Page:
Three things are coming together to start the next spotlight – Data Analytics in BFSI. First, think about how technology has changed. Information is becoming more and more accessible. In the past few years, the amount of valuable data—actual signal, not just noise—has grown exponentially while processors have gotten smaller and cheaper. Businesses have opened their minds and are willing to use new ways of analyzing data that might have been thought too academic and unrealistic for the real world. The exponential growth of computing power, which makes it possible to do in seconds an analysis that used to take weeks, and new tools for storing data, such as Hadoop, have made it much easier for any company to do these kinds of analytics.
Second, the economy is putting much pressure on banks in many places. According to McKinsey’s latest study, 54 percent of the top 500 institutions in the world are priced below their book value. In 2014, as the report posits, only 18% of banks got the industry’s value. Realizing this, banks have tried various ways to improve things, including going digital and cutting costs. But these moves can only get them so far. They need something new.
The third thing that is pushing analytics is these attempts to digitize. A standard bank has digitalized much of its work and puts data by terabytes. Advanced analytics would be hard to use in a bank that does most of its work by hand, but digital banks already have the roads built.
When you put everything together, you get advanced analytics, which are large-scale ways to use data to get real business insights and make much better decisions. The tools are there; now, banks need to use them to take steps that can lead to real change.
Partnering with domain experts in Data Technology and Big Data Analytics like Maveric Systems brings a decisive edge for FIs to embrace next-generation technologies and create industry benchmarks.
Importance of Data Analytics in the Banking and the Financial Sector
- Advanced analytics can help banks make small changes to almost everything they do daily, boosting the standard P&L levers. Here are some things that could be done:
- Together with transactional and trading analytics, deeper and more detailed profiles of customers can help get and keep customers, as well as cross-sell and up-sell. For example, one bank used information about credit card transactions (from its terminals and those of other banks) to make deals that encouraged customers to buy from one of the bank’s merchants frequently.
- Increasing work output. Every step of the banking process can be made faster and better. Banks can use advanced analytics to respond to governmental requests quicker and more accurately and help teams make decisions with the help of analytics.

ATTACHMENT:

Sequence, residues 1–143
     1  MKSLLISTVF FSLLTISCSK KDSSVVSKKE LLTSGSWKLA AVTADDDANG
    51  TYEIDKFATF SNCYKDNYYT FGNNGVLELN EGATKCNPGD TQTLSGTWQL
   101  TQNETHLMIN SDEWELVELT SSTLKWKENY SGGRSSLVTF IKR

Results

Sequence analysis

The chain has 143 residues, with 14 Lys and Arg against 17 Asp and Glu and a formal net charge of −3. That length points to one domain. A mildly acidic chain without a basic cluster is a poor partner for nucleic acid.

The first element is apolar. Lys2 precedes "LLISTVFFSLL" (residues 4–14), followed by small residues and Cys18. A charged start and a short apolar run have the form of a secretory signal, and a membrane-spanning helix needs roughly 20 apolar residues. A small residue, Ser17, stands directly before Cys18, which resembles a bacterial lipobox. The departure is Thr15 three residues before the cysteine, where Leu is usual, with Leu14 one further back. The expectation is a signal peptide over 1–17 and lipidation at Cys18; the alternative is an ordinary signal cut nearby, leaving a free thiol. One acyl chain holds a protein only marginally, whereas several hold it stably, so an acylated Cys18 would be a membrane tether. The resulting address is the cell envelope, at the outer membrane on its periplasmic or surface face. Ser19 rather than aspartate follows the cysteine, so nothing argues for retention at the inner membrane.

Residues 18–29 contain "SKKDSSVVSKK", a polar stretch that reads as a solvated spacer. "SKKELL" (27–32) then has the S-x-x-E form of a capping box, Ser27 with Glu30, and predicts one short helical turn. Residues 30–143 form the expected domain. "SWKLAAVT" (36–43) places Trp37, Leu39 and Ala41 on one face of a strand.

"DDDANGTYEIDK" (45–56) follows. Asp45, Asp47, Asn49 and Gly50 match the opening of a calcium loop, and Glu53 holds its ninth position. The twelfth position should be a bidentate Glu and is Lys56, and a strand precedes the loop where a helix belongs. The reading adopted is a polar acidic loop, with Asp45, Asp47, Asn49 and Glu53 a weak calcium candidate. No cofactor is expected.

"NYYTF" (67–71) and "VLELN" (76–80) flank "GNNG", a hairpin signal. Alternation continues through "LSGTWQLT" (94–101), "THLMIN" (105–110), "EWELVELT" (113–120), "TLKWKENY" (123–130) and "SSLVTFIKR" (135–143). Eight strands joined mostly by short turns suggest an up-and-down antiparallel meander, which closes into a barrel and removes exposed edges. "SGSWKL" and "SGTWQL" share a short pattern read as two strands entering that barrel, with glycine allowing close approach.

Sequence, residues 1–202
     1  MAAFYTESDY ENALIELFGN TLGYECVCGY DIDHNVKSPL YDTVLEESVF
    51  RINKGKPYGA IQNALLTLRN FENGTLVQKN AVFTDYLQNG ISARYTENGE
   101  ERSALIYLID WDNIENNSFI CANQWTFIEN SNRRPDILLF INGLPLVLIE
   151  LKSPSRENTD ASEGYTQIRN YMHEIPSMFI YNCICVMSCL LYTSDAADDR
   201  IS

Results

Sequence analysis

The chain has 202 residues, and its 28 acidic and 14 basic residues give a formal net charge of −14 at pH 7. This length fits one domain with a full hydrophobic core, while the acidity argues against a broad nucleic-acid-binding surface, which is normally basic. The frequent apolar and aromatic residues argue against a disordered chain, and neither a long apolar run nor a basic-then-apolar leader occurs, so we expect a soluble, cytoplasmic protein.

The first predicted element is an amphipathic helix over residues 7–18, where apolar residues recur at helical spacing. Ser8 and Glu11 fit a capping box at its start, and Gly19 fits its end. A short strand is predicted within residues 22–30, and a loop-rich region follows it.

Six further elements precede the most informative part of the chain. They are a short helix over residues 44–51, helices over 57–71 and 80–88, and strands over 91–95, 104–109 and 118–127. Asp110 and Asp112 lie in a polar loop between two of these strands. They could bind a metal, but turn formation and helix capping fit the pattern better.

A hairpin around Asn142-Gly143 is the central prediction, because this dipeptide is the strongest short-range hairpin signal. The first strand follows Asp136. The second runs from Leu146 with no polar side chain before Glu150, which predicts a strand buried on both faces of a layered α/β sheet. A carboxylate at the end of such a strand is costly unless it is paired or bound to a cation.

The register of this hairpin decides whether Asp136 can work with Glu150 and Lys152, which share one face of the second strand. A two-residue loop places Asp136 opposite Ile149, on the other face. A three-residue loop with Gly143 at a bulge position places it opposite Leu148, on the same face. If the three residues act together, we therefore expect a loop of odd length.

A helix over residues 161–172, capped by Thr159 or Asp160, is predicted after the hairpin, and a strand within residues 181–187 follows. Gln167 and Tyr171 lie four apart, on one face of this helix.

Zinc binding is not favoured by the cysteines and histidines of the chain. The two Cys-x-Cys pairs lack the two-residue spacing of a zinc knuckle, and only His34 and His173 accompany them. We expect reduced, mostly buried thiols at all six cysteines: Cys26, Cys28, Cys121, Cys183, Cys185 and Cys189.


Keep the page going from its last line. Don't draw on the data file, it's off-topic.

- Improving risk control. Compliance and control costs have increased significantly in the past few years, and banks can use analytics to get a return on their significant investments. With the help of analytics, banks can use tools like digital credit assessment, advanced early-warning systems, next-generation stress testing, and credit-collection analytics to lower their risk costs.
- Customer Experience: Another way analytics can have an effect is by helping digital banks live up to their promises and give customers a much better experience for a fraction of what it costs now. In some places, up to 65% of people now talk to their banks in multiple ways. Their paths through them are very complicated. They often start in one channel, do steps in others, and end in another, with many stops and turns to gather information. Successful digital banks offer a smooth multichannel experience by collecting real-time data and using analytics to understand the customer and build the right (and always consistent) journey view.
- Lastly, analytics can help banks find new ways to grow their businesses and even new ways to do business. Banks can profit from their data by letting new ecosystem partners, like telecom companies or stores, use their customer analytics tools. As a data company, the bank can be at the center of a customer environment where banking and many other B2C and B2B businesses bring in money. Taken to an extreme that is reasonable but not impossible, banks can use data and analytics to create a new business model and beat fintech companies at their own game.
Data analytics has become essential to how small and big businesses make decisions. The vast amounts of structured and unstructured data made by many gadgets on different platforms have given us unique insights. With the help of data analytics and data management, the Banking and Financial Services Industry (BFSI) has used Big Data to improve organizational success and ensure risk management, financial growth, and performance. The main goals of the banking and economic areas are to improve performance, make money, and cut down on risk. In this data-driven world, success depends on Big Data technologies that can store and handle semi-structured and unstructured data in real-time.
About Maveric Systems
Starting in 2000, Maveric Systems is a niche, domain-led Banking Tech specialist partnering with global banks to solve business challenges through emerging technology. 3000+ tech experts use proven frameworks to empower our customers to navigate a rapidly changing environment, enabling sharper definitions of their goals and measures to achieve them.
Across retail, corporate & wealth management, Maveric Systems accelerates digital transformation through native banking domain expertise, a customer-intimacy-led delivery model, and a vibrant leadership supported by a culture of ownership.
With centers of excellence for Data, Digital, Core Banking, and Quality Engineering, Maveric Systems teams work in 15 countries with regional delivery capabilities in Bangalore, Chennai, Dubai, London, Poland, Riyadh, and Singapore.